Borza was at work when she got a tearful phone call from her daughter’s friend, saying that she had gotten on an earlier flight.
It was in that moment that Borza had an unsettling feeling, and went to a church across the street to pray. Borza recalled that she asked God, “Where is Deora?” and she heard a quiet voice respond, “She’s with me.”

Moments later, Borza got a call from the airline, and heard, “I’m sorry to inform you—” from the other line. Borza dropped the phone.

Debby Borza reads a quote at the 9/11 memorial.


Remembering and Honoring Her Daughter’s Legacy

Bodley dreamed of becoming a child psychologist, and was committed to community service, volunteering in high school, working with the America Reads program, and tutoring kids after school.
Since that phone call, Borza has dedicated her life to honoring her daughter and the other lives lost in Shanksville, and even relocated to Maryland to be closer to the crash site and to Washington D.C.
She has been a fixture in Congress and Shanksville since 2001 — working on memorial plans, committees, and legislation where she served on the board for Families of Flight 93 and the 9/11 National Memorial Trail.
“She’s the unofficial mayor of that place! Everybody knows her,” Tokar said as he accompanied Borza to the Flight 93 crash site.
Borza spent the day prior to the NSA visit at the Flight 93 memorial in Pennsylvania, watching the recent solar eclipse and commemorating her daughter’s birthday.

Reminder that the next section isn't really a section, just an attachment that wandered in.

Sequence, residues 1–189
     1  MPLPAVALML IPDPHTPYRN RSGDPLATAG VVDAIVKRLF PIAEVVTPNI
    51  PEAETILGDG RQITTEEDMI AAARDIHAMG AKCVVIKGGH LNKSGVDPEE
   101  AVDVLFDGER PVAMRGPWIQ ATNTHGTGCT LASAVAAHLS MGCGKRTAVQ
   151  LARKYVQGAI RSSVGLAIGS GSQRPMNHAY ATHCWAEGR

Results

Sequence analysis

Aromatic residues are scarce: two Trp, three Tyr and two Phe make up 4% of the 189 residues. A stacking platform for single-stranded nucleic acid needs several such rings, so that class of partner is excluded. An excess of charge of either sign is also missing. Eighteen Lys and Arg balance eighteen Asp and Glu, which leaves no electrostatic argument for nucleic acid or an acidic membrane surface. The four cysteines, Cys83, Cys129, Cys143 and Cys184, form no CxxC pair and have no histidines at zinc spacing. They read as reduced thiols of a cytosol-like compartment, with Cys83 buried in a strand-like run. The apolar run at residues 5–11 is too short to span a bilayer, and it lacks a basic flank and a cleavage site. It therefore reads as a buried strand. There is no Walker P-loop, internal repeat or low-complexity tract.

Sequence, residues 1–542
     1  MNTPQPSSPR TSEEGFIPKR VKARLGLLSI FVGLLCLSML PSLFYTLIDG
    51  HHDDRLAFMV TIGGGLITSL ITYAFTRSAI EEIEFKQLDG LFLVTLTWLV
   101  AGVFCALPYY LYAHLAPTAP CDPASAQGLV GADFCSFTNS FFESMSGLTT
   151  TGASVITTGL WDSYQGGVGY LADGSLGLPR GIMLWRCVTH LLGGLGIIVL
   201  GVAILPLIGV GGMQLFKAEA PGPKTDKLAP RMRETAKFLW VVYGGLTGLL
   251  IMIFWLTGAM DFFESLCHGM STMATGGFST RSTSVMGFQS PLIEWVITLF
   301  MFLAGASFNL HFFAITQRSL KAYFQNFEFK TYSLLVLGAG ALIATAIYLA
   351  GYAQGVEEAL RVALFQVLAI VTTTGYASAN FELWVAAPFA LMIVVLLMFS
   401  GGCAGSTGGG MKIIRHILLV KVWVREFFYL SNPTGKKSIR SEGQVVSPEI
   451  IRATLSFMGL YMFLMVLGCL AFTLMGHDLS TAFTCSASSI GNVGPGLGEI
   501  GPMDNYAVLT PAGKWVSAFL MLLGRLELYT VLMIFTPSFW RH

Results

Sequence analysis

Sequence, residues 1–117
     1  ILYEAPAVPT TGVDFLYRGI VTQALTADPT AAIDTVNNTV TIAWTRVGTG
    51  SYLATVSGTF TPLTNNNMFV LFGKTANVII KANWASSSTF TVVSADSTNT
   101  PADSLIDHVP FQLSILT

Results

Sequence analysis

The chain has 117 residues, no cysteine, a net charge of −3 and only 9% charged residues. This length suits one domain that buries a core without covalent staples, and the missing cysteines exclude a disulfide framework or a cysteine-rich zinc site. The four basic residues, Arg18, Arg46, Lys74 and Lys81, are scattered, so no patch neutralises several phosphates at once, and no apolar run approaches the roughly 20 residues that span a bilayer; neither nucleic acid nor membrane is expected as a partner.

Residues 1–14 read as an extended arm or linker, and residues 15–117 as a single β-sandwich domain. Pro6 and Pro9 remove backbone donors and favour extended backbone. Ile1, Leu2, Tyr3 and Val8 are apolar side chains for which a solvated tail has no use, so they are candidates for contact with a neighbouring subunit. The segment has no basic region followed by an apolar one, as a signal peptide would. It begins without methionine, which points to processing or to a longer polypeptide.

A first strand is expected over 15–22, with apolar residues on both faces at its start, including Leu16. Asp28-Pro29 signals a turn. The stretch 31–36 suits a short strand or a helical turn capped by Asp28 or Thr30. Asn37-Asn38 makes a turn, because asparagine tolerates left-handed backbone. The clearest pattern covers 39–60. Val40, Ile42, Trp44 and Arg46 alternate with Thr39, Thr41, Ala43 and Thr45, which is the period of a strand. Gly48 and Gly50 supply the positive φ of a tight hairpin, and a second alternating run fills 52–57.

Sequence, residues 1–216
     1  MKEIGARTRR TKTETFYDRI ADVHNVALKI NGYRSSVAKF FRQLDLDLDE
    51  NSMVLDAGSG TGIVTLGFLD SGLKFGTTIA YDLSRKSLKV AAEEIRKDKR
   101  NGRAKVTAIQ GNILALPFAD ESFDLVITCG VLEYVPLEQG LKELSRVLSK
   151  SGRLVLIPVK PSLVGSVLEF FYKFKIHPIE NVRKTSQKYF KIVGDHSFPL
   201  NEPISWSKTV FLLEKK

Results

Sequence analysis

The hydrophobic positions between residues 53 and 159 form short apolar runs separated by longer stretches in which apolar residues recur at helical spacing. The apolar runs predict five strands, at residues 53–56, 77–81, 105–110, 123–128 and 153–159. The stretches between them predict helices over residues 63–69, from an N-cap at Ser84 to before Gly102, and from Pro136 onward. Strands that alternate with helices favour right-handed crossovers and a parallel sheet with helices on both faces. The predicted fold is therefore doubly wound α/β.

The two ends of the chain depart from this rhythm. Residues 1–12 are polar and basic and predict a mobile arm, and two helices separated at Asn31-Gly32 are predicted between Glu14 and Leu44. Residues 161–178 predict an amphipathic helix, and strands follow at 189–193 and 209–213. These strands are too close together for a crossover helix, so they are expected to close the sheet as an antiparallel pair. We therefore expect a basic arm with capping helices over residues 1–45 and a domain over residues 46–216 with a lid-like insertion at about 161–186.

She was asked to speak to a school group that was scheduled to be at the Tower of Voices memorial that day to highlight history and take in the experience. There, Borza and the students made memories as they ate Oreos (her daughter’s favorite snack), and got to see a scientific wonder happen before their eyes.
“Being with those kids, I felt Deora closer than ever before,” Borza said.
The Tower of Voices, a 93-foot tall musical instrument holding 40 wind chimes, stands as a landmark feature near the entrance to the Flight 93 National Memorial, located in Somerset County, Pennsylvania.

NSA Deputy Director Wendy Noble with Debby Borza, mother of 9/11 victim, standing in front of the 9/11 memorial at NSA/CSS Washington’s East Campus.

The living memorial creates a set of forty tones (“voices”) to remember Bodley and the 39 others who died through their ongoing voices.

“Thank you for everything you’ve done,” said Ms. Noble, further recognizing Borza’s tireless work to help memorialize those who lost their lives 23 years ago.
Borza replied tearfully, “I did it for her.”
Before the afternoon concluded, Ms. Noble gave Borza her personal coin.
Borza recalls how the trip to the Agency to see the final piece of her daughter’s memorial was a fulfilling culmination to an emotional week, and before leaving Borza told the crowd, “Some people say ‘Never Forget,’ I like to say, ‘Remember.’ I know for sure, Deora’s very happy.”